Monitoring through Adam SA-3 speakers, Convertino⎯who also mixes the live music broadcast for ABC’s New Year’s Eve show from Times Square, near where GMA shoots on weekday mornings⎯did the first rehearsal at 6 a.m. Paisley went first, followed by Underwood; his on-air performance would follow Underwood’s, so Convertino could leave the console set for her after her rehearsal. The rehearsals are recorded to a Pro Tools HD 3 rig in the truck. This is the critical part of the process, where Convertino maps out his moves for the 7 a.m. live teaser from the artist and the 8 a.m. main performance, often with some input from the bands’ FOH mixers. “The rehearsal becomes the template for the performance,” he explains. “I’ll let the band hear the playback and make any adjustments they need to the mix, then switch [Pro Tools] to input and the mix comes right up.”

At least, that’s what was supposed to happen. Even well oiled network gigs can have their own dramatic moments. At 8 a.m., as the last notes of Underwood’s song faded, Convertino toggled the console to Paisley’s rehearsal presets. The crew had three frenetic minutes to flip the stage, during which Paisley yelled out to Convertino, “Hey, JC! You’re out there somewhere and you got to make me sound great!”

Seconds later, though, Paisley’s downbeat was not what Convertino or anyone else was expecting. For whatever reason, the recalled levels were completely different: Paisley’s voice and guitar were way down in the mix, one of the rhythm guitars was overpowering, and the drums were almost nowhere to be found. Momentarily stunned, Convertino and Kevin Freeman, Paisley’s FOH mixer who had been advising Convertino on cues, quickly scrambled to adjust the mix. Before the first verse ended, they had it under control.

From left: Brad Paisley, John “JC” Convertino and Kendal Marcy, Paisley’s keyboardist/banjoist/background vocalist.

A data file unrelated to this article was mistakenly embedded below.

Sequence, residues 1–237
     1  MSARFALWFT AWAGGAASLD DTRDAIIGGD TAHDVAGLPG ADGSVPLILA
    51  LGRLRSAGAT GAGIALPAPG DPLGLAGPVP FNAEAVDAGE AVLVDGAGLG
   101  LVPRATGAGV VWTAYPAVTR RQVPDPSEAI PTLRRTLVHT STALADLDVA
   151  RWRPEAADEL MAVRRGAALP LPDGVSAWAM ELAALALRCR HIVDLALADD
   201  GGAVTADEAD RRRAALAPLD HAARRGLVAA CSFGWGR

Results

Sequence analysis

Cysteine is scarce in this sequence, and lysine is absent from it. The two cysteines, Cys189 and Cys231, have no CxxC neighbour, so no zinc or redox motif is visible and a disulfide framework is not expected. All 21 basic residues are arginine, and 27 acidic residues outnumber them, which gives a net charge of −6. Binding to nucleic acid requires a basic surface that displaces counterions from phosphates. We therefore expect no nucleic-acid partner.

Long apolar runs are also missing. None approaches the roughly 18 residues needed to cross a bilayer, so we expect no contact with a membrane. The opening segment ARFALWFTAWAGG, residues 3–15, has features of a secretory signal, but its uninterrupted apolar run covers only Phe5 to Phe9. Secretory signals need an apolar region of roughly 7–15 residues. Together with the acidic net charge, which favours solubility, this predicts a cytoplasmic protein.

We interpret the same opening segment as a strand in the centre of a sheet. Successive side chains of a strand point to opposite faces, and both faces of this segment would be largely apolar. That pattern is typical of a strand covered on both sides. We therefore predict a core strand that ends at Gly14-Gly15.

Convertino feels sure that he had stored the rehearsal presets properly, but the incident underscores a common occupational hazard for on-air audio mixers working in remote locations on unfamiliar equipment: The ease with which engineers could move between analog consoles is lost with digital desks that, though they all share some basic attributes, have significantly different operational procedures. It didn’t help that this was the first time that Convertino had ever worked on the VI-4. “I don’t think we’ll ever really know exactly what happened,” he acknowledges.

But to the fans in front of the Sommet Center, it was perfect, and their enthusiasm came across loud and clear on the broadcast, which is a big part of creating the excitement of a live mix. Further mitigating the problem was the fact that GMA has a separate feed for each time zone, so only viewers in EDT might have noticed the glitch. By the time it was ready for Chicago, Denver and L.A., Paisley and his band had already run the song down again for Convertino.

“That’s the first time that’s ever happened on air,” Convertino says, but then adds with a laugh, “I think Brad’s shout-out to me was the jinx.”

Dan Daley is a freelance writer based in New York and Nashville.

Visit the 43rd CMA Awards Website at